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Through the 1% for Art program, the Children and Family Justice Center project will fund new public art and the relocation of two existing artworks, including:

  • Spirit of Our Youth by Marvin Oliver
  • Making Choices by Nhon Truong
  • New art curated by 4Culture
  • Creative Justice, a community-based alternative to detention 

Public Art News and Updates


Since 1973, King County's 1% for Art program has dedicated one percent of certain capital project costs to the purchasing and display of public art that visually enhances county facilities.  4Culture, the cultural services agency for King County, will be curating art for the Children and Family Justice Center with the aid of these funds. Some of the funds have already been dedicated to the relocation of existing art and the new Creative Justice program. 4Culture is consulting with an art advisory group including a diverse set of community members to curate new art for the future facility. 



Creative Justice, 4Culture

Creative Justice is a community-based alternative to detention that arts agency 4Culture launched in early 2015 in coordination with the Prosecuting Attorney's Office and Superior Court. The program's mentor artists use writing, music, performance, and visual art to increase the participants' understanding of themselves and circumstances that often lead to incarceration. It also strengthens positive decision-making and emotional expression skills that, together, help them avoid future court involvement.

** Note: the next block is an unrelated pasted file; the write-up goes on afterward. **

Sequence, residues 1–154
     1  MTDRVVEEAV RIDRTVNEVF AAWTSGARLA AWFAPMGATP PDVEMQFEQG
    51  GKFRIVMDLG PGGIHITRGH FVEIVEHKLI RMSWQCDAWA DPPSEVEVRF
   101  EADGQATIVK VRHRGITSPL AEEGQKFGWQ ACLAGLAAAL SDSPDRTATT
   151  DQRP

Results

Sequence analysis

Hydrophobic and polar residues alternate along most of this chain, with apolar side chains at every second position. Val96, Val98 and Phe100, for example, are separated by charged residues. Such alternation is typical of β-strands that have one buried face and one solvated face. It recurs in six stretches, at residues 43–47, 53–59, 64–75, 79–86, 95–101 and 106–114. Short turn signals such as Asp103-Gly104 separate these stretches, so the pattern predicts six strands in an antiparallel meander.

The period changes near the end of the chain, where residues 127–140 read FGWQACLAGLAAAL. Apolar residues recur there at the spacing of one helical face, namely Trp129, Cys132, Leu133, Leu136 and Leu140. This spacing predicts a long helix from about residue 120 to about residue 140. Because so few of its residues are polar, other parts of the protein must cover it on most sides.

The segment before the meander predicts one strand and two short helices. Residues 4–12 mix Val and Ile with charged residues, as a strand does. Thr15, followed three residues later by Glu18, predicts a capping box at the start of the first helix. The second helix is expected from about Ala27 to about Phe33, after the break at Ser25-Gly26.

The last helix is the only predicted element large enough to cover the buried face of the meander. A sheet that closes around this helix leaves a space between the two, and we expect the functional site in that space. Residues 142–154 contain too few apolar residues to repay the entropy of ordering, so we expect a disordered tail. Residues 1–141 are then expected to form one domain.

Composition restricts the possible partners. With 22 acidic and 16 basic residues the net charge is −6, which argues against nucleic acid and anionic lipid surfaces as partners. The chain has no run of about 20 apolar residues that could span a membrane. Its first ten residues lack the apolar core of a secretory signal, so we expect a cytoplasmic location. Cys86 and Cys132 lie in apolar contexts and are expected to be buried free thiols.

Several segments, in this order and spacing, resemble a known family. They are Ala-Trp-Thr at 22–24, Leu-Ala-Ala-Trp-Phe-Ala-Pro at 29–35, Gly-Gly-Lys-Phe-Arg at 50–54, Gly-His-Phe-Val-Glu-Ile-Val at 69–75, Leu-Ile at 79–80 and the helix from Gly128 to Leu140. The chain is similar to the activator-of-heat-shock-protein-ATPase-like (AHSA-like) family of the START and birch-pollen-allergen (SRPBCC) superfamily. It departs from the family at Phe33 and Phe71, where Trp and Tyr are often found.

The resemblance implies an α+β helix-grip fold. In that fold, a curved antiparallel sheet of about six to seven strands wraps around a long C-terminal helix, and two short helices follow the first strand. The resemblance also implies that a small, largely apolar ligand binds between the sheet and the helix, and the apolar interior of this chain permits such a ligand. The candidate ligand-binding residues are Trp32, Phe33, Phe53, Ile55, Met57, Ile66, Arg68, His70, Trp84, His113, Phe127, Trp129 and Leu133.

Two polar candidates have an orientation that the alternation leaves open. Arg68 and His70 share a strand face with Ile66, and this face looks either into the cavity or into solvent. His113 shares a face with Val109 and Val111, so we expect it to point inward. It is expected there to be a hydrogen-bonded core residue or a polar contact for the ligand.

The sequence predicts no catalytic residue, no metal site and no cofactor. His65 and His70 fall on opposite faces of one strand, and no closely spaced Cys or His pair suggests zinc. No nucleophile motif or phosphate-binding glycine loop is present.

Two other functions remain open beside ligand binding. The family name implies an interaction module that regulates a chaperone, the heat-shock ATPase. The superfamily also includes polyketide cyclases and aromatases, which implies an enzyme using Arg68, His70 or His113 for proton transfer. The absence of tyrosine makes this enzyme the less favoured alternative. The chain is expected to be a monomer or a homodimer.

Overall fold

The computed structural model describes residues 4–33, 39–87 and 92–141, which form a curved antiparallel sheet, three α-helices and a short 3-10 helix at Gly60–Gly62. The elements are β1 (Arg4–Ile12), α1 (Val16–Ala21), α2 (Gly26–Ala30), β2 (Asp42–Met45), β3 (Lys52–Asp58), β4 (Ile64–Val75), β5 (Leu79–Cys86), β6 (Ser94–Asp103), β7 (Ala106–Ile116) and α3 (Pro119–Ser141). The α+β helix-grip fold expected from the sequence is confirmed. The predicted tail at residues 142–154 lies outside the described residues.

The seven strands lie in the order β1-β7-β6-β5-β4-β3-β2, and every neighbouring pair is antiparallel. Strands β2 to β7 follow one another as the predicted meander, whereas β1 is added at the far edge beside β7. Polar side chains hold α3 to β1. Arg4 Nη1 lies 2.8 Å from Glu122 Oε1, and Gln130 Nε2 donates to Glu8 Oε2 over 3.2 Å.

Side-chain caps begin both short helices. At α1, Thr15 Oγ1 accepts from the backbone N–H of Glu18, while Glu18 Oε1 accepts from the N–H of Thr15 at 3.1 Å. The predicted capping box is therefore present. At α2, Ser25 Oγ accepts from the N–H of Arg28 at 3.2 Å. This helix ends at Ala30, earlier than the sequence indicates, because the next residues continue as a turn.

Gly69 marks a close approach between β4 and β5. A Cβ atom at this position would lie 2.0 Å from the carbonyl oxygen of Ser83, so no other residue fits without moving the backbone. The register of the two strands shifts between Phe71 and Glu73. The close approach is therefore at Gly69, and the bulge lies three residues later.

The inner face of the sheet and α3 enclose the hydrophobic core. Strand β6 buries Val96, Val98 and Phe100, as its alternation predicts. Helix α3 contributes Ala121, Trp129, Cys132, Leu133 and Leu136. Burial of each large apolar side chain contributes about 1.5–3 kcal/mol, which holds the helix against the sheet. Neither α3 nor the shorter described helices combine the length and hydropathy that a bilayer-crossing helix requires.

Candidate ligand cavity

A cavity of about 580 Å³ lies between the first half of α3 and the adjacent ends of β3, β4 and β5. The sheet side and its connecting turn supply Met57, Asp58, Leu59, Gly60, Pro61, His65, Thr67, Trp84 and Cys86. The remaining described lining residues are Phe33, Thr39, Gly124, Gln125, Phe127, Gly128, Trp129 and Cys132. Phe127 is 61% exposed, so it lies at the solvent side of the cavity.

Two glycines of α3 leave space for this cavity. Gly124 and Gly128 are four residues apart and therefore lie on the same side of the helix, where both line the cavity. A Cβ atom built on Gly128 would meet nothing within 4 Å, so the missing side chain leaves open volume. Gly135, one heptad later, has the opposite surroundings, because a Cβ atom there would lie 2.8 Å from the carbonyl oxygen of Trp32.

Spirit of Our Youth, by Marvin Oliver (1996, cast bronze)


For almost twenty years, one of the region’s most impressive Native American artworks has resided at the corner of 14th Avenue and Remington Court on the Youth Services Center campus: Marvin Oliver's Spirit of Our Youth.

Representing the rich Salish heritage of Washington, the 26-foot cast bronze sculpture references the dorsal fin of an orca whale. The fin, which rises from a wave-like landform, is activated with salmon and thunderbird motifs. The King County-commissioned work is empowering for visitors and neighbors of the Youth Services Center alike: The salmon represent the cyclical nature and endurance of life and the thunderbirds above them represent hope and prosperity.

That’s why the piece will be restored and featured prominently outside the front entry of the new Children and Family Justice Center (CFJC). The first step in this relocation was the placing of this two-ton artwork into storage. After restoration, the rich and vibrant green, blue and brown patina will look exactly like it did when the artwork was first installed in 1996. The work will return to the campus when construction of the CFJC parking garage is complete in 2021. 


Making Choices, by Nhon Truong (2003, enamel paint on aluminum)


Before Nhon Truong designed his mural, Making Choices, he interviewed youth and families involved in the justice system. Common themes and values sprung from the conversations: Family, community, cultural diversity, future and dreams. Arts agency 4Culture says the work's youthful style "incorporates content that is reflective of the older community, hoping to bridge gaps between audiences of all ages and cultural backgrounds." The mural currently stands on a wall near the front entry to the Youth Services Center. When the new Children and Family Justice Center is built, it will be relocated inside of the main courthouse cafe.

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Website header art: Spirit of Our Youth by Marvin Oliver


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